Hi! I need a bike to carry my two youngest children. The kr8 looks lovely, but I assume it doesn´t fold or dettach so that you can carry it on the back of your car, right? What choices do you recommend that can be transported in a big suv car? I´m leaning towards buying a zigo leader x2, what´s your opinión on that bike? Also, where can I find these kinds of bikes in South America (Chile) or how much would the shipping cost? Please I would really like to hear from you. Tanks!

  11. henry Says:

    Hi Maria,
    No, the Kr8 (and every other cargobike, 2- or 3-wheel) is not suitable for carrying behind a car, even a really big car. We tested the Zigo years ago and weren’t impressed. I’ve never written about the Zigo but several readers wrote about their Zigo experiences in the comments of this post:

    The only real, independent review of the Zigo is here:

    If carrying the bike by car is the prerequisite it’s just not going to be a box bike of any kind. My recommendation would be (of course) a WorkCycles Fr8. On the Fr8 you’ll comfortably carry two kids of any ages and it will fit on a rear carrier… not every carrier but some are rated for carrying e-bikes and other heavier bicycles. The topic of Fr8 on car carrier has been discussed in the @WorkCycles Facebook group several times.

    WorkCycles ships all over the world. Just contact us via the WorkCycles website for more info about the options and shipping costs.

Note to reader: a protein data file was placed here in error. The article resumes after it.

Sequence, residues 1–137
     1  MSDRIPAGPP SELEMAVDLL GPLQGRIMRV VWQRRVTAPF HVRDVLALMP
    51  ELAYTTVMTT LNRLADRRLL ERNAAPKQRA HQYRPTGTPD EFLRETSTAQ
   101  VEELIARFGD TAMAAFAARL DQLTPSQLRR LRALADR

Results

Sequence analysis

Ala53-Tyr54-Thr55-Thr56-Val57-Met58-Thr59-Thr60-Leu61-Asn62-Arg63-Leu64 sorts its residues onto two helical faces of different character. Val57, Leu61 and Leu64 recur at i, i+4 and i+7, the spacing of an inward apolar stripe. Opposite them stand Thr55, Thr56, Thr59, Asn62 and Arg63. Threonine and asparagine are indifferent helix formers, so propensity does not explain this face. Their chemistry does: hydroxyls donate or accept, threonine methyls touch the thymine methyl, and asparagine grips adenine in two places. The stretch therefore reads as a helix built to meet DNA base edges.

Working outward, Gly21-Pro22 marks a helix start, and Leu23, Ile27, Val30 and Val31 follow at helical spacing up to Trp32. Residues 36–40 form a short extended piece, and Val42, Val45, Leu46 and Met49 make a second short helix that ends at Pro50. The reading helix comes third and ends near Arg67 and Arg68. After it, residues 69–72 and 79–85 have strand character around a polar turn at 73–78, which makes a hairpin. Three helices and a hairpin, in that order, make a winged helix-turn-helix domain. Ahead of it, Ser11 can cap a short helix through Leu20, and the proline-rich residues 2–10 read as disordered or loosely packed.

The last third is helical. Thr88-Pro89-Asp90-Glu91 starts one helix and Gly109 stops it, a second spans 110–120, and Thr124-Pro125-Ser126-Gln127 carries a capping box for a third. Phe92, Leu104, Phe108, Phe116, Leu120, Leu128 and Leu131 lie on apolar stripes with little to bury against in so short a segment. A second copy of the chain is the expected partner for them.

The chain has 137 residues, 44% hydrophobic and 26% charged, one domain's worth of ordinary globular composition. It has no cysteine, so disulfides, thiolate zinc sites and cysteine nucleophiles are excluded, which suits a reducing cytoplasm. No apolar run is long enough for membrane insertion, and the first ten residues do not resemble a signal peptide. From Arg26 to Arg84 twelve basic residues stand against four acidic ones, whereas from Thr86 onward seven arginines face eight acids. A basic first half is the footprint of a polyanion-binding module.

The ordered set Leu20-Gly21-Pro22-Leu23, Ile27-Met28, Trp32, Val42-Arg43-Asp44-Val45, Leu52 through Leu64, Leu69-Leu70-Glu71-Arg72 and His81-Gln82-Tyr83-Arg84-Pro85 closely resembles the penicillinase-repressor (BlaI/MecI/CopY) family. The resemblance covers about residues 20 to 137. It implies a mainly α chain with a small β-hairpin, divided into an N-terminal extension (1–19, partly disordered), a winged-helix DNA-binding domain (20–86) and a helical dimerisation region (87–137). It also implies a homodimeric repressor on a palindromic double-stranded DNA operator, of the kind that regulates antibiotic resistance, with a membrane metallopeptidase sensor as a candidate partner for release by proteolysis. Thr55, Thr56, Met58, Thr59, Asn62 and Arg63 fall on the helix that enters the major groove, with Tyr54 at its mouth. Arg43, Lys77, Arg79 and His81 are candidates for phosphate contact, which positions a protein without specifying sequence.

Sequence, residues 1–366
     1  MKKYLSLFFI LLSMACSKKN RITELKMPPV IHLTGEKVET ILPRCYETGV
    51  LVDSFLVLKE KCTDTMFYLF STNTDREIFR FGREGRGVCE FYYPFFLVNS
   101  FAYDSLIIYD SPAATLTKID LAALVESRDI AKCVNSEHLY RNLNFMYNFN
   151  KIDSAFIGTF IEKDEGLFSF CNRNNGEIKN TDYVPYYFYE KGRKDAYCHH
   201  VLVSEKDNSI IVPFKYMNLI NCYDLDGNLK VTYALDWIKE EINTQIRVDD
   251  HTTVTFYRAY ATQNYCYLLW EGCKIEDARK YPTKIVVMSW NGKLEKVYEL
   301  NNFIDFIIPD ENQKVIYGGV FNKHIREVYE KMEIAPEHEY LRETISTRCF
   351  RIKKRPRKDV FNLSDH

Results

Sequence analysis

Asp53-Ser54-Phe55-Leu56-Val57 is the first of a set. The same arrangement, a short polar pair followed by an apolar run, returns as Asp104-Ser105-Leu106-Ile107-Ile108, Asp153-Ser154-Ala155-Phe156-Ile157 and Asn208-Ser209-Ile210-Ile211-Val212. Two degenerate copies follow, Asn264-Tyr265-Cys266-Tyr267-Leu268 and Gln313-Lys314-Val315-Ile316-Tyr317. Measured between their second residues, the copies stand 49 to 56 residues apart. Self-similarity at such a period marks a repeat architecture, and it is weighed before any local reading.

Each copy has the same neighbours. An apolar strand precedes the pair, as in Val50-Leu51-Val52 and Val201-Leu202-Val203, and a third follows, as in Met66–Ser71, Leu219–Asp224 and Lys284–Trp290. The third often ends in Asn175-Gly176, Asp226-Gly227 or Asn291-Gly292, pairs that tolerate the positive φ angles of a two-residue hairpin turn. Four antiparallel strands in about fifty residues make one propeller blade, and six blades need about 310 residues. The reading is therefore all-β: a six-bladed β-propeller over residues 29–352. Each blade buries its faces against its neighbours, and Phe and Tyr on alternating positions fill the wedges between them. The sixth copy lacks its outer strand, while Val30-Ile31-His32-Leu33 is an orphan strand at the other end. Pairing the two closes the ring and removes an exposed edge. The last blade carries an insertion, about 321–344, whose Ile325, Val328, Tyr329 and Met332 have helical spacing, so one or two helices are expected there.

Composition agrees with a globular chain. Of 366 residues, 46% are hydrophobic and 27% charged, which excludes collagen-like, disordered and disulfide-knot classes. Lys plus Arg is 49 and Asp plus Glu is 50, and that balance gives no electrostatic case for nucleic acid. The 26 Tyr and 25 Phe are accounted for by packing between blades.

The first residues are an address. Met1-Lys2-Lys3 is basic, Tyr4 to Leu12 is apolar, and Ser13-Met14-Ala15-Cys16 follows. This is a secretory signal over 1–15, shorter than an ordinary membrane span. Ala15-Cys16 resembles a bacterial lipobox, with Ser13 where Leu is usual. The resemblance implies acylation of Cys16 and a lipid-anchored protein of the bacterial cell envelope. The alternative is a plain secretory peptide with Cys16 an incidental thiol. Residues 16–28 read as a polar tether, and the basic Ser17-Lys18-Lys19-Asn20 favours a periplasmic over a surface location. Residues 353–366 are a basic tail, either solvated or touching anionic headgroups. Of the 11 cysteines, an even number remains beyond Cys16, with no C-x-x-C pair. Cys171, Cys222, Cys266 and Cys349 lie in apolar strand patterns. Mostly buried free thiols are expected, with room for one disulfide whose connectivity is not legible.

12. Danna Douglas Says:

    Hi Henry. I need some advising and don’t know where to best ask my questions . Please remove is it’s inappropriate on this thread. I am a single mom to a 5yr old, 16 month old and a 3 month old. Ive recently become disgusted with driving everywhere. Everything we do is in a 5 mile radius. Most things are under 2 miles. I’ve begun walking everywhere with a jogging stroller but am absolutely craving a cargo bike as our transportation instead. I’m not a biker at all. I wouldn’t know the first thing about bikes. I’ve spent weeks pouring over every article I can find and speaking to bike shops and wholesellers and retailers all over the United states. I should say I do NOT have much disposable income as a single mom of three. It’s for financial reasons that I’m stuck with babboe being my ‘ high end expensive choice’. From what you’ve said, it’s not even quality yet it would take all of my savings to get it. Dare I ask about the WIKE Super Cargo Trike? It’s $1000 less than the babboe. So, if my choices are wike or babboe, would you say it’s better to not have one at all and just walk? Lol… Surely one of those is better than nothing. It’s just sad that’s it’s such a huge purpose and taking all my savings to make a non quality purchase. I live in Florida. It’s flat!!! And I’m never going more than 5 miles away. What are your thoughts?